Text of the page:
• Going to the Windows side, Windows Subsystem for Linux (WSL) allows developers to run native Linux binaries on Windows by translating Linux system calls into equivalent Windows system calls. WSL 2 even uses an actual Linux kernel. It's possible to launch Linux and Windows programs from each other's command lines. Before that, the open source Cygwin implemented an API to allow Unix-like programs to be compiled into Windows binaries.
  • One of the reasons that Linux vaulted ahead of other free Unix clones in the '90s has been the Linux community's emphasis on interoperability. It's always been very easy to install Linux and keep using Windows through dual-booting. This meant that Linux users could still use mainstream applications along with the powerful Unix toolset.
  • When using Wayland (a new display server protocol for Linux and other Unix-like systems that aims to replace X), apps still using X can run using the Xwayland compatibility layer.
  • Similar to Wayland, the XQuartz project allows macOS to run X11 applications. Apple previously developed a dedicated X11 app for this, but stopped development in favor of the open source XQuartz. As most graphical Unix applications have native macOS ports, it's more useful for accessing X programs on a remote server using SSH.
  • There are several X servers available for Microsoft Windows, though like on the Mac they're more useful for running X11 apps over SSH. It's possible to use them with Cygwin or Windows Subsystem for Linux.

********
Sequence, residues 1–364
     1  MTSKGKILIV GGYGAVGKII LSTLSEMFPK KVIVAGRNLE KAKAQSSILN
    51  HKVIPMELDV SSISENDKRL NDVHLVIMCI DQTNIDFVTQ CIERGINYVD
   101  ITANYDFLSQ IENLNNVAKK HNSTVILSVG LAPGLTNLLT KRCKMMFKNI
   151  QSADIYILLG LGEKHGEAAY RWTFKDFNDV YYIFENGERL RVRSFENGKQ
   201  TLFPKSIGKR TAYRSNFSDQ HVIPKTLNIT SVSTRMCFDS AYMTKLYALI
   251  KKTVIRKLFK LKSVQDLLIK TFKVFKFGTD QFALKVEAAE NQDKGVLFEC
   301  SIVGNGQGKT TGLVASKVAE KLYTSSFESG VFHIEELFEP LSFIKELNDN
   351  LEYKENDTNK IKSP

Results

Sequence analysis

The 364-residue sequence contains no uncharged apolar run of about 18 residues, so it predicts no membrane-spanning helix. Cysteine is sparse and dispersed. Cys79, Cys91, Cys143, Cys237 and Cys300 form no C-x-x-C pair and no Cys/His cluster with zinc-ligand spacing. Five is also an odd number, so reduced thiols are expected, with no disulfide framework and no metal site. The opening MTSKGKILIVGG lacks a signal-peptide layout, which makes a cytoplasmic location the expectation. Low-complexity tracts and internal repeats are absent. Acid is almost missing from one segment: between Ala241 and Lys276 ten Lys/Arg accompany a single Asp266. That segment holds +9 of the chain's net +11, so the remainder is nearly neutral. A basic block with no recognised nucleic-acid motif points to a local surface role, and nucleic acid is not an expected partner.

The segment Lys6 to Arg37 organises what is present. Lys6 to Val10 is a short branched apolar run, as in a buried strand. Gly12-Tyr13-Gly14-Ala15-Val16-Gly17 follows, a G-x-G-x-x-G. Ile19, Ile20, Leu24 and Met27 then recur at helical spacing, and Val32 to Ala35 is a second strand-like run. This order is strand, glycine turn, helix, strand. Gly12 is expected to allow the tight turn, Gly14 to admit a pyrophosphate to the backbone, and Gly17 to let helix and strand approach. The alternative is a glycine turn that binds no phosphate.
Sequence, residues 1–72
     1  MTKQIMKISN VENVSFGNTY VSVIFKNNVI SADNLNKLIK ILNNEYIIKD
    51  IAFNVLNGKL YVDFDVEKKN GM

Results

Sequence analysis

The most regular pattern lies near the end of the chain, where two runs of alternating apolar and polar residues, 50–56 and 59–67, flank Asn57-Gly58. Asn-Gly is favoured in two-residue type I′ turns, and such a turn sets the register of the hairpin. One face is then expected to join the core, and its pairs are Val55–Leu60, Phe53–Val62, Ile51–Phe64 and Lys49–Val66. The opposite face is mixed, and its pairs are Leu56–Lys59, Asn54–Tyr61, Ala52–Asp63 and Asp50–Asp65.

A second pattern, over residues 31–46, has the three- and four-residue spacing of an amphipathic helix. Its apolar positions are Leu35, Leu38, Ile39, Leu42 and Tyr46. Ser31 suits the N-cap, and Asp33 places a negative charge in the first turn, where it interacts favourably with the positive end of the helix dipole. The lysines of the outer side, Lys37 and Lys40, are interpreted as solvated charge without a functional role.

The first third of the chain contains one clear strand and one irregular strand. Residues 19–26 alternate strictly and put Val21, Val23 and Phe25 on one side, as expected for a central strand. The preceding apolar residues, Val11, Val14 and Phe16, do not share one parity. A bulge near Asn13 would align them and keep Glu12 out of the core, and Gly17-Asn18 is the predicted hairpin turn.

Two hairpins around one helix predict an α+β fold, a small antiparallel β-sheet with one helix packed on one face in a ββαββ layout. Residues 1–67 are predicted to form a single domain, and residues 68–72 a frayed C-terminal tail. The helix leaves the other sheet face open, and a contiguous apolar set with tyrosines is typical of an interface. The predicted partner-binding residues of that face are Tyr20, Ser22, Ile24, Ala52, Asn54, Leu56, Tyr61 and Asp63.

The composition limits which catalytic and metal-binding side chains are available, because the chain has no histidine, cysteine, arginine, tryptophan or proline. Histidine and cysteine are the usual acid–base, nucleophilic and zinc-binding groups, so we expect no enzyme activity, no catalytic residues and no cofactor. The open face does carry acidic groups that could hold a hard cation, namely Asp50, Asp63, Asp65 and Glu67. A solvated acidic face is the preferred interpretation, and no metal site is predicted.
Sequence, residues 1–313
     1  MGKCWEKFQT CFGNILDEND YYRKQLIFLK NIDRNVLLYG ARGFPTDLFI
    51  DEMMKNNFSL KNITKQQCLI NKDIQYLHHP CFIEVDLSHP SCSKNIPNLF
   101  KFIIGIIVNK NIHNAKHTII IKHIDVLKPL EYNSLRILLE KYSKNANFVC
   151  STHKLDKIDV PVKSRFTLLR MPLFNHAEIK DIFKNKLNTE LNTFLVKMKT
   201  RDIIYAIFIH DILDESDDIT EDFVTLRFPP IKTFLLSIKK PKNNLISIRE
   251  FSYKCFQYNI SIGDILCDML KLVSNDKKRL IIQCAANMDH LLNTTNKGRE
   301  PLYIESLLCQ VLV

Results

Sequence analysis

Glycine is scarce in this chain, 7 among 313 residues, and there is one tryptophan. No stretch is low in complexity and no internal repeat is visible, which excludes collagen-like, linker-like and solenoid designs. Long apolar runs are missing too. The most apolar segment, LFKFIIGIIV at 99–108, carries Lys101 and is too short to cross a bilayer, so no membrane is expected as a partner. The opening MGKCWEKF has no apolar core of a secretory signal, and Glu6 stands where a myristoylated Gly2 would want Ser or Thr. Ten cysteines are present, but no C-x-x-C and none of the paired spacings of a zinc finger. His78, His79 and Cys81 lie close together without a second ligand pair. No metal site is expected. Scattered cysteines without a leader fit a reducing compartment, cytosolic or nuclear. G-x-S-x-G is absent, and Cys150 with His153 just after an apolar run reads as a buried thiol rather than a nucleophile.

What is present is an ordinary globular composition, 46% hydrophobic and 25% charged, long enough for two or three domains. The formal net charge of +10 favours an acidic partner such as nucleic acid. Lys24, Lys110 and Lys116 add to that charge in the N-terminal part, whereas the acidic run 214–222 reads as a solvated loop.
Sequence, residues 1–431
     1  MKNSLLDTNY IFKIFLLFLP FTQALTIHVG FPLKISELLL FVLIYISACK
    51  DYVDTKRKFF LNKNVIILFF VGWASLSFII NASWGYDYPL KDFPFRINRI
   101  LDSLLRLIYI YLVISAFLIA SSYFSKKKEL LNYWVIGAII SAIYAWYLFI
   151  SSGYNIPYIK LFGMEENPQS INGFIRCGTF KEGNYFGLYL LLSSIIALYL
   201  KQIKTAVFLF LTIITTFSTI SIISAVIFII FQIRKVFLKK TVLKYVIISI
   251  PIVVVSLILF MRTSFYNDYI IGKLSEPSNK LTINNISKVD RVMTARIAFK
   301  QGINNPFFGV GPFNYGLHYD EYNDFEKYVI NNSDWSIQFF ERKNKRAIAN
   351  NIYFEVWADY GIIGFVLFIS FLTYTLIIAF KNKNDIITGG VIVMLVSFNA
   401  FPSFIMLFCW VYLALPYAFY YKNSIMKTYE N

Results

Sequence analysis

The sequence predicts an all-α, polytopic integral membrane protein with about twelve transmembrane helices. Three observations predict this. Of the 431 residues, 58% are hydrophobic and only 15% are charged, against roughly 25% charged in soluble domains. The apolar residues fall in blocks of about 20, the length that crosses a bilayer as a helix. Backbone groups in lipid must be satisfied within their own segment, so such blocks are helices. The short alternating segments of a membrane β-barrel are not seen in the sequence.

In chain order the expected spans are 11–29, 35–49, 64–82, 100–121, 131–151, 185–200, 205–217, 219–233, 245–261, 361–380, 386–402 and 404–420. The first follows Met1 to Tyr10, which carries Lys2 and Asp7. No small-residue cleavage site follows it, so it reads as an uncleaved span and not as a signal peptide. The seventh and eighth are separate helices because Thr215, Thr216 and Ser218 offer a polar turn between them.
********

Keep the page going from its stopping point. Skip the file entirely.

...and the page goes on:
• Versions of Windows NT through Windows 2000 had the ability to run OS/2 applications, though only in text mode without some additional software.
  • 64-bit Windows 10 running on ARM is compatible with 32-bit x86 applications using emulation.
  • Applications written for middleware like Java or Flash Player are generally guaranteed to run on any platform that has a working copy of that middleware installed. This is how Video Game/Minecraft was able to have working Mac and Linux ports from day one. You could even play Flash games on the Wii through its built-in web browser (and, presumably, still can, provided they were made for Flash Player 7 or older and are still online).

  • The Sega Genesis AKA Mega Drive had the Master System's hardware inside but not its cartridge slot. Thus, the Power Base Converter, essentially a passive adapter for Sega's previous-generation system, was made to allow for backwards compatibility with practically all of the Master System's librarynote . This gave Sega bragging rights over Nintendo's Super NES, which earned the ire of parents who were displeased by the fact that they had to buy a new console that is essentially incapable of running games from the previous one.